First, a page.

# Tangent Space to a manifold

So, I have a manifold $M=\{\mathbf{x}:\mathbf{\Theta}\left(\mathbf{x}\right)=\mathbf{0}\}$. I can also write $M=\{\mathbf{x}:\mathbf{F}(\mathbf{x})=\mathbf{c}\}$. Both functions are differentiable. I understand why we can see the Tangent space $T_{\mathbf{x}_0}$ as the $Ker(D\mathbf{\Theta}(\mathbf{x}_0))$.( I think...) But why can we not say the same about $Ker(D\mathbf{F}(\mathbf{x}_0))$? If we can, is $T_{\mathbf{x}_0}$ tangent to $\mathbf{\Theta}(\mathbf{x}_0)$ the same as $T_{\mathbf{x}_0}$ tangent to $\mathbf{F}(\mathbf{x}_0)$?Why?

To the first question, I would answer yes, and to the second no. Am I correct?

Many Thanks.

• This is too long for a comment, but is probably not enough to answer your question. In your first paragraph, it is a bit unclear (at least to me) what the issue is. It seems to me that you are suggesting that your manifold $M$ is cut out as the level set of a function from some larger manifold. If this is the case, then I don't understand the distinction between your two definitions of $M$ (i.e. what is the difference between $\mathbf{\Theta}$ and $\mathbf{F}$?). – THW Mar 30 '14 at 0:08
• Additionally, there seems to be some confusion regarding the tangent space in question. If you are trying to find the tangent space to a point $\mathbf{x}_{0} \in M$ and $M$ is cut out as a level set of some function defined on a larger ambient manifold, then $T_{\mathbf{x}_0}M$ is related to the kernel of $D\mathbf{F}(\mathbf{x}_0)$, not the image of $D\mathbf{F}(\mathbf{x}_0)$. Try and make the conditions on $M$, $\mathbf{F}$ and $\mathbf{\Theta}$ clearer so that we might be able to help address the question. – THW Mar 30 '14 at 0:08
• @THW You're right, I've just noticed my confusion on the third question. I've already removed it. – An old man in the sea. Mar 30 '14 at 0:13
• As to the first of your comments, the manifold can be described as the level set of two different functions, both differentiable. – An old man in the sea. Mar 30 '14 at 0:14
• The question still doesn't make sense though. Why do you think the tangent space can be viewed as the image of the derivative? – JLA Mar 30 '14 at 0:15

## 1 Answer

Assuming that you are viewing $M$ as the level set of a constant rank function $\mathbf{\Theta}$ defined on a larger ambient manifold . . .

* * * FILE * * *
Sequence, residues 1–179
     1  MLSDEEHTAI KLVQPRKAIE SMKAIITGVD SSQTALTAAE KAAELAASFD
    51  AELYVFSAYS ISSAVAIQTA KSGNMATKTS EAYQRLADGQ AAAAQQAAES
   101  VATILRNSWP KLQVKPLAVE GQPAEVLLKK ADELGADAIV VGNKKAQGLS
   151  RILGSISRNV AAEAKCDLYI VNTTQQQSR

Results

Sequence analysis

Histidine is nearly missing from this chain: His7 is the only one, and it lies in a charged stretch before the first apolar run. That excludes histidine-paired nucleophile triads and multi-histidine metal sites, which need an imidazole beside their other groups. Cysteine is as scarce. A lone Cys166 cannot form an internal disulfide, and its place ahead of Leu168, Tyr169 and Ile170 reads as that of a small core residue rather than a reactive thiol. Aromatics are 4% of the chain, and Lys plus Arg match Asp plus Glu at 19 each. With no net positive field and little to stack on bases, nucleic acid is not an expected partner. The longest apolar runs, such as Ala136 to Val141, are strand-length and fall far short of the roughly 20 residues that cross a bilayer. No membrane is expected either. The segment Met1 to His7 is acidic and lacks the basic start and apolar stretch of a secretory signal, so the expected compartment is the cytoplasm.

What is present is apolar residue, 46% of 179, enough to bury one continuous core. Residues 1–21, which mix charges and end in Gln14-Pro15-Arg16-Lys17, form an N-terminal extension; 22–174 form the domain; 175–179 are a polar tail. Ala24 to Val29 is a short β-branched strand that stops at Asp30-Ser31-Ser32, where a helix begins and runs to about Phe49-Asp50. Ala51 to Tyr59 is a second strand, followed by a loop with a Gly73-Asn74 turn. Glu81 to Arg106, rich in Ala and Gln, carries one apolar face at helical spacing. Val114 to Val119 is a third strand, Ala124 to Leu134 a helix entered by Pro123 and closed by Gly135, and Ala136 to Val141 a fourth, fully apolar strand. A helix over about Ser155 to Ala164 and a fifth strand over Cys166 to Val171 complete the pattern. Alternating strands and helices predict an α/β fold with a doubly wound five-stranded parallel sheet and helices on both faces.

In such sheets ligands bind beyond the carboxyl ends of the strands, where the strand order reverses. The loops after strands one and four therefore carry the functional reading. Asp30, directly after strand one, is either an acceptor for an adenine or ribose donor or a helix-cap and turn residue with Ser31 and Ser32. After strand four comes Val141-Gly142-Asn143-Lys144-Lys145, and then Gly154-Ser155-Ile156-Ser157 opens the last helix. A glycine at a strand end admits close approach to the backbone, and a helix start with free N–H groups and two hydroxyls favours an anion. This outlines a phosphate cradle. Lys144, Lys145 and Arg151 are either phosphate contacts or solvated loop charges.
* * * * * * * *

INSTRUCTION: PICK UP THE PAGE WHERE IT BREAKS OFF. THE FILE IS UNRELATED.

For your question concerning why we (might) have $T_{\mathbf{x}_0}M = Ker\left(D\mathbf{\Theta}\left(\mathbf{x}_0\right)\right)$, you have to be a bit careful with the condition of $D\mathbf{\Theta}$. Namely, to ensure that $T_{\mathbf{x}_0}M = Ker\left(D\mathbf{\Theta}\left((\mathbf{x}_0\right)\right)$ you need to know that $D\mathbf{\Theta}$ is surjective at $\mathbf{x}_{0}$.

For a simple example of this, consider the following situation:

Let $M = \left\{ \mathbf{x}=(x, y) \in \mathbb{R}^{2} \Big\vert\, x = 0\right\}$. $M$ is clearly a submanifold of $\mathbb{R}^2$ and it is cut out by the function $\mathbf{\Theta}: \mathbb{R}^{2} \to \mathbb{R}$ defined by $\mathbf{\Theta}\left(\mathbf{x}\right) = x$. In this instance, $T_{\mathbf{x}_0}M = Ker\left(D\mathbf{\Theta}\left(\mathbf{x}_0\right)\right)$ for all $\mathbf{x}_{0}$ in $M$. However, you could also define $M$ as the level set of the function $\mathbf{F} : \mathbb{R}^{2} \to \mathbb{R}$ defined by $\mathbf{F}(\mathbf{x}) = x^2$. In this instance, $\mathbf{F}$ is not a map of constant rank as the rank drops at $\mathbf{x}_{0} = \left(0, 0\right)$ and $T_{\mathbf{x}_0}M \ne Ker\left(D\mathbf{F}\left(\mathbf{x}_0\right)\right)$, but instead $T_{\mathbf{x}_0}M \subset Ker\left(D\mathbf{F}\left(\mathbf{x}_0\right)\right)$.

Regarding the intuition of this situation, there is in fact a beautiful (and wonderfully intuitive) description. You have defined $M$ as a level set of some function $\mathbf{\Theta}$, which means that $\mathbf{\Theta}$ is constant along $M$. If $\mathbf{x}_0 \in M$ and $v \in T_{\mathbf{x}_{0}}M$ is tangent to $M$, then one expects $D\mathbf{\Theta}\left(\mathbf{x}_0\right)\left(v\right)$ to be zero precisely because $\mathbf{\Theta}$ is constant on $M$! (Note by the example above, $D\mathbf{\Theta} \left(\mathbf{x}_0\right)\left(v\right)$ being zero is merely a necessary condition for $v$ to be tangent to $M$ and not a sufficient condition for $v$ to be tangent to $M$.)

• Many thanks! By the way, do you know of a book, that gives the intuition, and that would allow me to self-study differential geometry? – An old man in the sea. Mar 30 '14 at 11:08
• So, if $D\mathbf{F}(\mathbf{x}_0)$ and $D\mathbf{\Theta}(\mathbf{x}_0)$ had the same rank, then $T_{\mathbf{x}_0}M=Ker(D\mathbf{F}(\mathbf{x}_0))$? – An old man in the sea. Mar 30 '14 at 11:30
• @ An old man in the sea, Re: The question of rank, you need the rank of $D\mathbf{F}$ (or $D\mathbf{\Theta}$) to be full (or maximal) at a point $\mathbf{x}_0 \in M = \mathbf{F}^{-1}\left(\mathbf{c}\right)$ in order to ensure that $T_{\mathbf{x}_0} M = Ker\left(D\mathbf{F}\left(\mathbf{x}_0\right)\right)$. – THW Mar 30 '14 at 19:16
• To be a bit more precise let $N$ be an $n$-dimensional manifold and $\mathbf{F}: N \to \mathbb{R}^{s}$ (w/ $n \ge s$) . If $\mathbf{c} \in \mathbb{R}^{s}$ is a regular value of $\mathbf{F}$, then $M = \mathbf{F}^{-1}\left(\mathbf{c}\right)$ is an $n - s$ dimensional submanifold of $N$ and for $\mathbf{x}_{0} \in M$ we have $T_{\mathbf{x}_{0}}M = Ker\left(D\mathbf{F}\left(\mathbf{x}_{0}\right)\right)$. In more generality, you can replace $\mathbb{R}^{s}$ in the above with an $s$-dimensional manifold. – THW Mar 30 '14 at 19:29
• Re: Books that allow for self-study and provide intuition, I would recommend starting with John Milnor's "Topology from a Differentialable Viewpoint", "Differential Topology" by Guilleman and Pollack, Michael Spivak's "Comprehensive Introduction to Differential Geometry," and/or John Lee's "Introduction to Smooth Manifolds." – THW Mar 30 '14 at 19:39